Utah, Arkansas and Alabama have enacted the first pieces of legislation in the US that criminalise `sextortion’, a form of extortion where the currency of the bribe is sex or sexual images. The new laws signal a significant victory for Legal Momentum, a legal advocacy group for women, international law firm Orrick, Herrington & Sutcliffe and TrustLaw, the Thomson Reuters Foundation’s pro bono legal programme, who together produced a report in 2016 outlining the need for legal reform to tackle this heinous crime.
The FBI has called `sextortion’ one of the fastest-growing crimes against children. According to the National Center for Missing and Exploited Children, 78 percent of reported victims are girls, with an average age of 15. More than one-fifth of reported incidents involved multiple victims.
`Sextortion’ is a pervasive yet under-reported form of corruption involving sexual exploitation: judges demanding sex in exchange for visas or favorable custody decisions, landlords threatening to evict tenants unless they have sex with them, supervisors making job security contingent on sex, and principals conditioning student graduation on sex. Today the crime has become digital, and women as well as children are especially vulnerable.
Sexual predators often pose as teenagers and use social media, mobile apps and other online communications platforms to groom, entice or coerce a victim—frequently a teenage girl—into providing sexually explicit personal images or videos. Once a `sextorter’ obtains a single sexually explicit image, they often threaten victims by demanding more images or illegal sexual acts.
Victims are told if they don’t comply, their images will be released to friends, family members, teachers, employers, and the world at large, via the Internet. If they resist, their reputations could be ruined, or their loved ones and livelihoods could be targeted.
But the devastating impact of `sextortion’ goes well beyond the immediate sexual and emotional abuse suffered by children. Victims often drop out of school, fall into severe depression and resort to self-harm. According to analysis by the FBI in 2015, more than one-fourth of cases had at least one ‘sextortion’ victim committing or attempting suicide. Because technology evolves so quickly, until recently, current criminal laws did not address this form of sexual violence.
“Sextortion is a new word for an old concept: corruption,” says Thomson Reuters Foundation CEO and TrustLaw Founder Monique Villa. “The way we connect, interact and share information and personal data has been radically reshaped by technology, but the laws have not kept pace to ensure powerless victims are not targeted by unscrupulous criminals who can hide behind a computer or cell phone. I commend the moves made by Utah, Arkansas and Alabama to tackle this growing crime, and urge other states to follow suit.”
In 2015, the Thomson Reuters Foundation, in collaboration with the International Association of Women Judges (IAWJ), launched a study that outlined laws and practices relating to sexual exploitation in nine jurisdictions, spanning six continents. The 2016 report was borne out of that research, and takes a more specific look at how `sextortion’ has evolved in the US over the past decade.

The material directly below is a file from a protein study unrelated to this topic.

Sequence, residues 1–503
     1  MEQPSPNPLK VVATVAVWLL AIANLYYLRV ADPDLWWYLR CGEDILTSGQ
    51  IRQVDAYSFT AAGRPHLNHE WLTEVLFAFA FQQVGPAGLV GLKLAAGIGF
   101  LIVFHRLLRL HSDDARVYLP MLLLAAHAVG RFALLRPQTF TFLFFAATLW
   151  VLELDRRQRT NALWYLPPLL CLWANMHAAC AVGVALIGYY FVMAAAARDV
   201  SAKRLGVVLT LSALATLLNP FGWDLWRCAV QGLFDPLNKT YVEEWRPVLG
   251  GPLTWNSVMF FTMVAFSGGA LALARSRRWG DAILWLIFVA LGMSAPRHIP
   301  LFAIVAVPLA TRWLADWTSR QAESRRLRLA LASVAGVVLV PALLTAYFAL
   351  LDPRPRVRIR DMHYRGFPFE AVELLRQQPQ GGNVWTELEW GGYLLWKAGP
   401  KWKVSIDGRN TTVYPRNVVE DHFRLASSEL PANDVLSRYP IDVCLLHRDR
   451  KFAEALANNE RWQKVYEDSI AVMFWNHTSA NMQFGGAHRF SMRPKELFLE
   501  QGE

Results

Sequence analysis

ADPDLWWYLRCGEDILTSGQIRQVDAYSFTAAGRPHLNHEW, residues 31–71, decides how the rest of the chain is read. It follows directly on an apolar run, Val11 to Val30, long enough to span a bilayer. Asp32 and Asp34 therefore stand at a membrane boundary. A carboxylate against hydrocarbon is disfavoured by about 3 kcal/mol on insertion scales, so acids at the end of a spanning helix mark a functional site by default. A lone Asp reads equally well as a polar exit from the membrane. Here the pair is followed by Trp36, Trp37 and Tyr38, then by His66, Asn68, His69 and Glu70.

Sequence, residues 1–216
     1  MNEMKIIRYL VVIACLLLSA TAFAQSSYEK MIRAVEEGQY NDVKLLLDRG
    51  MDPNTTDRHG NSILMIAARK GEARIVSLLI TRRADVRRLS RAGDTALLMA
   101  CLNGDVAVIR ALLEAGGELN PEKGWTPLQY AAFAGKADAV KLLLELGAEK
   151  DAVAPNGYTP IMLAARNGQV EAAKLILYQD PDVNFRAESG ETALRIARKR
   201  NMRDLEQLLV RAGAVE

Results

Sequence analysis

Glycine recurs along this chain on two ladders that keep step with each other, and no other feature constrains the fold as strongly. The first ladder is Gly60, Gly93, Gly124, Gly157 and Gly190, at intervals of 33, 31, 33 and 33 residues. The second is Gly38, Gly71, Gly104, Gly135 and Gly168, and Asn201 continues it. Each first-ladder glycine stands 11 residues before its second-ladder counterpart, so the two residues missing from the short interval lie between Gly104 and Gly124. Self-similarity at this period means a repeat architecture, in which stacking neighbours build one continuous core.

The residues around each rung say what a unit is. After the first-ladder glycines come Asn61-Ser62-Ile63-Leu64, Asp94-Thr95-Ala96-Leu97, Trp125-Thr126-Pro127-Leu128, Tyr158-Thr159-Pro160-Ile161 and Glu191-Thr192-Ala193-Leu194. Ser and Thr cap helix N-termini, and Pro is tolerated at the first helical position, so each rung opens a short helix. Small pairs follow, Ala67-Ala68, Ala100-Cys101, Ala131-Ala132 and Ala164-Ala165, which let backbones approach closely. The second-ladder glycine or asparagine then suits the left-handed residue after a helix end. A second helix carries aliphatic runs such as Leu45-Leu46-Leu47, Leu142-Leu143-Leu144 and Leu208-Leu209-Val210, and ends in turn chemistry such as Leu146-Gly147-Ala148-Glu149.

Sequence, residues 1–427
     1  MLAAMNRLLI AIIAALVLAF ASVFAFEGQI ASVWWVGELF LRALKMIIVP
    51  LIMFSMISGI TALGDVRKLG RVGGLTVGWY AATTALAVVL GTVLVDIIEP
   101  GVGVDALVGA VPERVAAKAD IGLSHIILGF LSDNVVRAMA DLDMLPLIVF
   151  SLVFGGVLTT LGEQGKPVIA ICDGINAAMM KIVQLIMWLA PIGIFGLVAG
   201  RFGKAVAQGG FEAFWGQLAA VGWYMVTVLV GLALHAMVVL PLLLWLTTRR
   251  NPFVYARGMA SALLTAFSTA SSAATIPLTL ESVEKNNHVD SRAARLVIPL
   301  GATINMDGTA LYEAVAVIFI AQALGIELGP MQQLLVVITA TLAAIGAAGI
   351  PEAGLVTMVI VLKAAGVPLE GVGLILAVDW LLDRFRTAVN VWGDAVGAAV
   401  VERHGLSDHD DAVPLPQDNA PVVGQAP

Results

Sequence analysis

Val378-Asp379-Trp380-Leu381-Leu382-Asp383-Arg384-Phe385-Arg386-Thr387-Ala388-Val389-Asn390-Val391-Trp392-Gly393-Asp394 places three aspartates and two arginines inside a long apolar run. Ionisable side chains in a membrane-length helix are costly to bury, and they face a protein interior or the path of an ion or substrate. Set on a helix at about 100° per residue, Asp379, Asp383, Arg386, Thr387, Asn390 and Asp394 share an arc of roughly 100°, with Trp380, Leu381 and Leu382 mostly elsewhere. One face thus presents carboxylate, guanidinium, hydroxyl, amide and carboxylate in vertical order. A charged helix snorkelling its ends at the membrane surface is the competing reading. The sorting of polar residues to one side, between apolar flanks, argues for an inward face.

The report shines a spotlight on the growing threat of `sextortion’, and highlights how easy it is to infiltrate computers to record and steal sexual imagery. According to documents leaked in May 2017, Facebook had to assess a staggering 54,000 potential cases of revenge pornography and `sextortion’ in just a single month. Yet its ambiguous moderator guidelines often allow authors of abusive sexual content to escape accountability unscathed. While social media giants should undoubtedly take greater responsibility in policing content shared on their platforms, there is also a growing need to create adequate legal solutions to combat `sextortion’.
The report provides pathways for prosecutors to use existing statutes to bring perpetrators to justice, and suggests concrete revisions to these statutes to ensure that no predator escapes punishment.
Following the publication of the research, Legal Momentum and Orrick embarked on a nation-wide advocacy campaign to update state laws to take into account `sextortion’. Within a few months, Utah, Arkansas and Alabama passed the first pieces of legislation in the US which make `sextortion’ a punishable crime.
“Our 2016 report is a powerful tool to raise public awareness about sextortion, and to support legislators, advocates and the public in Utah, Arkansas and other states to end online sexual violence targeting children, teens and women”, said Penny Venetis, Legal Momentum’s Executive Vice President and Legal Director. “We are working with other states to follow Arkansas, Utah and Alabama’s example, so that prosecutors and law enforcement throughout the United States have the tools they need to protect women and children, and to hold perpetrators accountable.”
“We are extremely proud to have worked with Utah, Arkansas and Alabama to pass this historic legislation, which provides crucial protections to the vulnerable victims of sextortion,” said Ann Patterson, partner at Orrick who leads the firm’s pro bono efforts to secure such legislation around the country. “We look forward to working with other states to enact similar legislation, and are confident we will see Legislatures move in this direction across the United States.”
This legislative effort and the 2016 report are only two elements of Legal Momentum’s partnership with Orrick and the Thomson Reuters Foundation to fight `sextortion’. In February 2017, Legal Momentum and Orrick filed the first-ever civil lawsuit in state court seeking money damages for sextortion. The plaintiff, a US Marine Corps veteran, was threatened with exposure of intimate images that had been stolen from her computer by her landlord.
The project has been shortlisted for the 2017 TrustLaw Impact Award.